yeah, i'm kind of obsessed. a little.
when i was reading up on macaron making, i learned that there are at least two ways to make them - the french version, which i tried last week, and an italian meringue. the latter is said to be more reliable, but more of a pain in the ass as it entails beating some boiling sugar syrup into the egg whites. actually, i also learned that there's yet another type of macaron - a swiss-made confection called "luxembergerli." these are supposedly super delicious, lighter in texture than both the french and italian style macarons, but whose recipe is top secret. i'm going to have to resign myself to likely never trying these, but that's okay. and why?
well, because i've become a pretty darn big fan of my own homemade macarons, thankyouverymuch. but i was curious about how foolproof that italian recipe really was. and you know me - once i get that bug up my butt, i don't stop thinking about it till i just do it.
so, following the instructions on this blog, i set out to give it a shot. first, i put my almond meal and confectioners' sugar in the food processor and gave it a whirl (did i tell you that my boss gave me a mini cuisinart food processor that she wasn't using anymore? now i have a real one and not just the baby food maker!). and then i remembered to add some powdered food coloring in - this time, the teen chose blue.
i boiled the sugar and water into syrup (that candy thermometer sure comes in handy!) till it was a toasty 230 degrees per the instructions, and poured it into the egg whites as they whipped up in my kitchenaid. about 10 minutes later, the whole concoction had cooled completely and was all glossy and pretty. all that "extra work" that other blogs had complained about was done by the mixer, with me reading a story to the bean while it whipped that meringue into oblivion.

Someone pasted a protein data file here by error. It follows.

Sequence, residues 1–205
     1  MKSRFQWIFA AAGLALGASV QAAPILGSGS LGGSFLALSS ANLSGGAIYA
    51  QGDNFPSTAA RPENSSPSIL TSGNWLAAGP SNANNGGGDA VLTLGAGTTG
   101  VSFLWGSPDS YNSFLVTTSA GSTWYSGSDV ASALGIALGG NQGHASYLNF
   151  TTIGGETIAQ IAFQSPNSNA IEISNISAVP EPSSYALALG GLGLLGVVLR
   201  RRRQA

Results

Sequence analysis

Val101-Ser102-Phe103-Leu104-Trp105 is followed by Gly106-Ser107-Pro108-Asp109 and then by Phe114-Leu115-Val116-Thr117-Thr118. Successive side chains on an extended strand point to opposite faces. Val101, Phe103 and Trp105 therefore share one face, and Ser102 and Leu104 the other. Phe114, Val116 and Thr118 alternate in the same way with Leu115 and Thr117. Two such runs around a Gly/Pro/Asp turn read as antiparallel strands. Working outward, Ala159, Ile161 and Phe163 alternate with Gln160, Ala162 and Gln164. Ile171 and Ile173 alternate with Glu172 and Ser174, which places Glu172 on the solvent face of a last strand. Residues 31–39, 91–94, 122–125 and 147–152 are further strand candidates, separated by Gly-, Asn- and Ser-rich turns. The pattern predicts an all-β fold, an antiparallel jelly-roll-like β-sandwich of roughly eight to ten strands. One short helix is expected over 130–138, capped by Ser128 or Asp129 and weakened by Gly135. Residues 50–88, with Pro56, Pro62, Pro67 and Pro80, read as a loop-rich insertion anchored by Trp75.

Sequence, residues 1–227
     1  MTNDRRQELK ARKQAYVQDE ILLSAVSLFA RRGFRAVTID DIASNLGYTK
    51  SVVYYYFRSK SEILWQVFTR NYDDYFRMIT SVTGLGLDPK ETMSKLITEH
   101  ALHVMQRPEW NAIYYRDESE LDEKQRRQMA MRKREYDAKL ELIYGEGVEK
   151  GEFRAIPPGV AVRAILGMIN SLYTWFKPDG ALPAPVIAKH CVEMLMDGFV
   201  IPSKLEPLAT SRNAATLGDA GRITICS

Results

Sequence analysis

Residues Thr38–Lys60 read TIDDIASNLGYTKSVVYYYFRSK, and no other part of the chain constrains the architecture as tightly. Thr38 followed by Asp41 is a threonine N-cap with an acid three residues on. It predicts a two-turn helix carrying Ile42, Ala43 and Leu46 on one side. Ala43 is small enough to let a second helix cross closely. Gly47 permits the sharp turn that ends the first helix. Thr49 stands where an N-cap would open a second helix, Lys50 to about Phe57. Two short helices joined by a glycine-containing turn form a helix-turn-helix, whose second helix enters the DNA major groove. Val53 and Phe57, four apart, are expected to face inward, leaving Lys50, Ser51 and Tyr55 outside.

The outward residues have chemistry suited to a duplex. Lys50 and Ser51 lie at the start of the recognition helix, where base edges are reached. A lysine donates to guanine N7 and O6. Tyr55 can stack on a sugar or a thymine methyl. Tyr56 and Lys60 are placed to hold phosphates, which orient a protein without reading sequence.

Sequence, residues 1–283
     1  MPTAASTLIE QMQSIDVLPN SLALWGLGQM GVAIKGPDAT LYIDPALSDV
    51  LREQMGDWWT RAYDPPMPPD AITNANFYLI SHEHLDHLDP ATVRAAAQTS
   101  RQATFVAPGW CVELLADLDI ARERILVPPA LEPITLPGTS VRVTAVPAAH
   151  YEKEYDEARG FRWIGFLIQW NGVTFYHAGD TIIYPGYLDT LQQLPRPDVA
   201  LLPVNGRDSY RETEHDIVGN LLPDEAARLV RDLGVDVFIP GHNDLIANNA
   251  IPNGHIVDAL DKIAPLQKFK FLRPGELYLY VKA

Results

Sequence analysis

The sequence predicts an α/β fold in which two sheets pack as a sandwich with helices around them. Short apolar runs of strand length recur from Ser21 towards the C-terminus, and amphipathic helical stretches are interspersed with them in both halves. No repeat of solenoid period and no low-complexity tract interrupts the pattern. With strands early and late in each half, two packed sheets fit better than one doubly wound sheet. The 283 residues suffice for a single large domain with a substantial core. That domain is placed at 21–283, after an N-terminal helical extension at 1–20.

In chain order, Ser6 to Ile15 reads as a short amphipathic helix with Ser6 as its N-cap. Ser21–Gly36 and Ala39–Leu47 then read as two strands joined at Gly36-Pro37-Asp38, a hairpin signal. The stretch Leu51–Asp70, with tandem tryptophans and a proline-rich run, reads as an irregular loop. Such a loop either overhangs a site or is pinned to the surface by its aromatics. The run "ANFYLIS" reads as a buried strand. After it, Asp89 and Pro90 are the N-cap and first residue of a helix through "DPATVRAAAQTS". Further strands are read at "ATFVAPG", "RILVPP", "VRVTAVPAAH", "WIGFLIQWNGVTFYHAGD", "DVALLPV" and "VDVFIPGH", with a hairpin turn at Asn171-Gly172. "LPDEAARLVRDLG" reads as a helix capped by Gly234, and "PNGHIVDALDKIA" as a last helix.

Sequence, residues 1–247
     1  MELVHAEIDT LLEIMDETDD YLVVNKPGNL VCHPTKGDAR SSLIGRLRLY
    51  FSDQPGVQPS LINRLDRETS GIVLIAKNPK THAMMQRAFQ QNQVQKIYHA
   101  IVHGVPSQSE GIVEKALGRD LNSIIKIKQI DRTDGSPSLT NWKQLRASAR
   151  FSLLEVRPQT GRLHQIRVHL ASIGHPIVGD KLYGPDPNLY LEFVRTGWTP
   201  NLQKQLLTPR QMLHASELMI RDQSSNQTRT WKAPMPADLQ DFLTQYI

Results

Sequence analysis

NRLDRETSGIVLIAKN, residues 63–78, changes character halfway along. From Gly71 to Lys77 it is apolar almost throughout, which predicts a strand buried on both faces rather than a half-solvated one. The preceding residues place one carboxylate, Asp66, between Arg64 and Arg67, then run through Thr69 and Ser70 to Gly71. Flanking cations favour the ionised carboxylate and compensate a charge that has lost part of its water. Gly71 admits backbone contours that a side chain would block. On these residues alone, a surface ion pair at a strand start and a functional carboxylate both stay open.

next, i mixed the rest of the egg whites in with the dry mixture.
i folded it carefully into the meringue and scraped it into a pastry bag. but i had more batter than room in my bag, so i put the rest into a ziploc bag and created a ghetto-fab cheapy substitute. i thought i'd try slightly bigger shells this time, so i piped them to about 2.5".
of course, my ziploc bag sucked ass and the batter came out in big, ugly blobs. i looked at them for a while before giving up and scraping the batter into another disposable pastry bag and starting over.
but damn - i still managed to screw 'em up. obviously, my piping skills need more polishing. i wasn't about to re-do it for a third time, though. it was my first try at these anyway, and they were just going in my belly (and whoever else wanted to try them) - so presentation wasn't necessarily key. i popped the pan into my oven and hoped for the best. after about 6 minutes of baking time, i peeked cautiously into the oven and found that this "foolproof" recipe was exactly that. look, feet!
i think i left that first pan in a little too long - the shells were firmer than i expected, and when i peeled them off of the silpat, the bottoms were ever-so-slightly brown. and some of the shells had kind of exploded at the bottom. oops.
the second pan was truly a piping disaster.
but then brother wan, who was over for dinner that evening, popped one in his mouth and said it was still nice and chewy. i always feel better when i get his opinion, since he's a pro and all.
i sandwiched some of my beautiful, fresh lemon curd between two shells and took a bite.
let's just say that i'm currently addicted to my own macarons, and am quite partial to this italian method. yeah, it's a little more work, but oh-so-worth-it. mmmmmmm.